The Asian Civilisations Museum is a must-visit in Singapore for anyone visiting the tiny city-state. It showcases a finely curated set of exhibits that display our region’s heritage and history.

The museum is the torch you use to enter that cave, which is the past. Holding high the light of museum commentaries, research, exhibits and even events such as talks, symposia and launches, the flame which emanates from a museum – typically perceived as a temple for the archaic – is the beacon that will help us navigate through our current problems and future endeavors. The dynamics of museum operations such as research, conservation, audience engagement and marketing all add to that flame. They need to continue feeding the flame or else your museum ends up but nothing more than a stockroom or warehouse of dusty items.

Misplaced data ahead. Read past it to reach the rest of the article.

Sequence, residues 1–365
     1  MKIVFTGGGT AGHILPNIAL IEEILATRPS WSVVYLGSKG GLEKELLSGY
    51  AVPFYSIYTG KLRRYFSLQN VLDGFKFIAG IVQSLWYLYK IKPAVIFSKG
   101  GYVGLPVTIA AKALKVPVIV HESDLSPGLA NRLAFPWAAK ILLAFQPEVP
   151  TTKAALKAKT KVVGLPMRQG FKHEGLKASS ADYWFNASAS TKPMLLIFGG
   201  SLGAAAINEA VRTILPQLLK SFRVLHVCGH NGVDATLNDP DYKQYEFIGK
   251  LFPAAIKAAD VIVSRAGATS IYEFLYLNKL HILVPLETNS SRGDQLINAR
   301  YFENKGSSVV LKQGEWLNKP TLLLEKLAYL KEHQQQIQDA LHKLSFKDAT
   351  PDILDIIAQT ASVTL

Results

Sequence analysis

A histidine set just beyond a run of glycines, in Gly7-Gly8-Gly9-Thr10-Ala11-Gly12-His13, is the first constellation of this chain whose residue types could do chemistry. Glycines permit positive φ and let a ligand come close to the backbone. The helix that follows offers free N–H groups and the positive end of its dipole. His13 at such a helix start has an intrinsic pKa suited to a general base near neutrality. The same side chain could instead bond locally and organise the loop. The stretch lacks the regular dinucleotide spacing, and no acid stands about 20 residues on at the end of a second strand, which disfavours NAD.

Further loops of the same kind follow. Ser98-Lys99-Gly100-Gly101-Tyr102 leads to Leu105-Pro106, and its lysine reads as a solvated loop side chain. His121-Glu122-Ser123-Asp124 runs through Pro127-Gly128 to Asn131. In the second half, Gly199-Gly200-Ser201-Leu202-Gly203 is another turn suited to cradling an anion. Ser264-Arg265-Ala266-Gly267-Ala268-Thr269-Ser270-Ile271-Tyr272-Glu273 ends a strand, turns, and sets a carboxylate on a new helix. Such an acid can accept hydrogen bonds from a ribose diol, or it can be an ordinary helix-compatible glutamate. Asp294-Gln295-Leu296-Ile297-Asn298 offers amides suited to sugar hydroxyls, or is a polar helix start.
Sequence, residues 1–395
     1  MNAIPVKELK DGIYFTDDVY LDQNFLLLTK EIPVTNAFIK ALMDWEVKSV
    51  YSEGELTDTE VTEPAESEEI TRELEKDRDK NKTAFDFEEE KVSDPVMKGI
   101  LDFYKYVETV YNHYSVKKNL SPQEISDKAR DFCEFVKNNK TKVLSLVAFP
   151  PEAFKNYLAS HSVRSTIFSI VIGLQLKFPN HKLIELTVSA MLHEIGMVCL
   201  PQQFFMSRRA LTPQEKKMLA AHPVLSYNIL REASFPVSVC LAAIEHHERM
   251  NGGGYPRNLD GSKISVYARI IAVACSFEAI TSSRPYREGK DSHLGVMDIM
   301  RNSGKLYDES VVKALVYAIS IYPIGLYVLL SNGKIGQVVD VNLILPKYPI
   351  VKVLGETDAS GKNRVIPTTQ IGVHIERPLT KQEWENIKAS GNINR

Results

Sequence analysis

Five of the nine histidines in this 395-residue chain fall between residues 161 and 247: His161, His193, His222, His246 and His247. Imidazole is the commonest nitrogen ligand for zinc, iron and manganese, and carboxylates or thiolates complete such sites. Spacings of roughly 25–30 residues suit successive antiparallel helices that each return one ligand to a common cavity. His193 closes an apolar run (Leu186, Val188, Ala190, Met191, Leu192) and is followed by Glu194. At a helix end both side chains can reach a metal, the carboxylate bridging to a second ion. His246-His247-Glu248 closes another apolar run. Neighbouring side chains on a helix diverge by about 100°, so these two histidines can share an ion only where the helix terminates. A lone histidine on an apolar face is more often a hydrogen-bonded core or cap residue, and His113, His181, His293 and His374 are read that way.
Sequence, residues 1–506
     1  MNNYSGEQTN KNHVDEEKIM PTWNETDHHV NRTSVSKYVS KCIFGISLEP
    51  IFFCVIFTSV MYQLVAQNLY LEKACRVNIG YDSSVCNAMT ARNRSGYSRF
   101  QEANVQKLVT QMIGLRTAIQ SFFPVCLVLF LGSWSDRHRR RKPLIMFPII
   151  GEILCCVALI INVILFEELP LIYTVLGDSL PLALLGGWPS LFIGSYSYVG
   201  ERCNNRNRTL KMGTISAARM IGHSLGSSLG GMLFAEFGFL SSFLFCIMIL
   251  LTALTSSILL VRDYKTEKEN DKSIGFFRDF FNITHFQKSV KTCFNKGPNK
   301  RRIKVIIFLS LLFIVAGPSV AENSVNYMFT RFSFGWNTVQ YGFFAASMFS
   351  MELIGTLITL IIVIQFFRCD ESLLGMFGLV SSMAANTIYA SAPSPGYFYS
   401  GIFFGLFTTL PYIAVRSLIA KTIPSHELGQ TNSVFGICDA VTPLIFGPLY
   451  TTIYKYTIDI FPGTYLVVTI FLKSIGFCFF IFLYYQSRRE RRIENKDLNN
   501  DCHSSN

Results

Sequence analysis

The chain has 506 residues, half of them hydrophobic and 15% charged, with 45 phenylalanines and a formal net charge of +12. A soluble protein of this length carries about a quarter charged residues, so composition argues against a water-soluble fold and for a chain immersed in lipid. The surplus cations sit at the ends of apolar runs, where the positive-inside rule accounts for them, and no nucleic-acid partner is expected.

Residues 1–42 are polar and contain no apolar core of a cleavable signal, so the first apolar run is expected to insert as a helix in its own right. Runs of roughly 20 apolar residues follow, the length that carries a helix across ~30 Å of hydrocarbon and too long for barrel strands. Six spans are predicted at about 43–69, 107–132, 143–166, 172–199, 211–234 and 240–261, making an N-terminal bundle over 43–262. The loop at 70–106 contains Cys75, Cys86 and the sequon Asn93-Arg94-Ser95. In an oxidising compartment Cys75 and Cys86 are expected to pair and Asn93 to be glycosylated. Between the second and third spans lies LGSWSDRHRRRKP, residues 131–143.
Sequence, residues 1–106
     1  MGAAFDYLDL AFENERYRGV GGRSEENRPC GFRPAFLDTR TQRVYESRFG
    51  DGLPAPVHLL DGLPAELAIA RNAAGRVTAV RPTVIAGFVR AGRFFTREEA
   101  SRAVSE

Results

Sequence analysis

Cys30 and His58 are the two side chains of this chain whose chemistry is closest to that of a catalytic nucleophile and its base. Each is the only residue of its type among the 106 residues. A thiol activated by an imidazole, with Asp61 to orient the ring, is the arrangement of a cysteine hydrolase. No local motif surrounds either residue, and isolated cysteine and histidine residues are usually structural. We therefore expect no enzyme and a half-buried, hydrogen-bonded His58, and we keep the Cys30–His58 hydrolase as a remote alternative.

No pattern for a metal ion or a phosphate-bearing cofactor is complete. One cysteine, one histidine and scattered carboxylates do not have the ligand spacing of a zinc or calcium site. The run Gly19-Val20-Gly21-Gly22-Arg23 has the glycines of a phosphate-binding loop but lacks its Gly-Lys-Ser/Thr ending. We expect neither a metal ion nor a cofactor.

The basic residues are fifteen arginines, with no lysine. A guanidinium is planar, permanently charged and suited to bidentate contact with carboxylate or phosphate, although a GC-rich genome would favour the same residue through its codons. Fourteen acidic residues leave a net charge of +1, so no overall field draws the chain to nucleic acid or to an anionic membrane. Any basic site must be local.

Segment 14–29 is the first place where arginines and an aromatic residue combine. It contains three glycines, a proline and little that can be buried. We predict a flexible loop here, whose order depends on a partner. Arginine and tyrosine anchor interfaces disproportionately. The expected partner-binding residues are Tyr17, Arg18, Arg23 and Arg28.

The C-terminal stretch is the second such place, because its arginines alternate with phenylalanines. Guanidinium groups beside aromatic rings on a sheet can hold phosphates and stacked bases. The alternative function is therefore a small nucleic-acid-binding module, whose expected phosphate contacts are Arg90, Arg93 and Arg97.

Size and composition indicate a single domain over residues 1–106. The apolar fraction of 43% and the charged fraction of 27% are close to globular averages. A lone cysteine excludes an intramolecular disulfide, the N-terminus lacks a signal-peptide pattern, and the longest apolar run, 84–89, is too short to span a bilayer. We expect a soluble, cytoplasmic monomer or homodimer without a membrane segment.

Posing with French friends Marie Laure and Alexis with Paolo after a talk on Urban Planning at the National Museum.

Posing with French friends Marie Laure and Alexis with Paolo after a talk on Urban Planning at the National Museum.

With Chilean friends and my mentor Dr. Fernando Nakpil Zialcita with his son during the

With Chilean friends and my mentor Dr. Fernando Nakpil Zialcita with his son during the “Claudio Bravo: Sojourn in Manila” event organized by the Lopez Foundation and the Chilean Embassy at the Met Museum.

The Manila Symphony Orchestra posing for their last bow during the Viva Vivaldi concert at the Ayala Museum.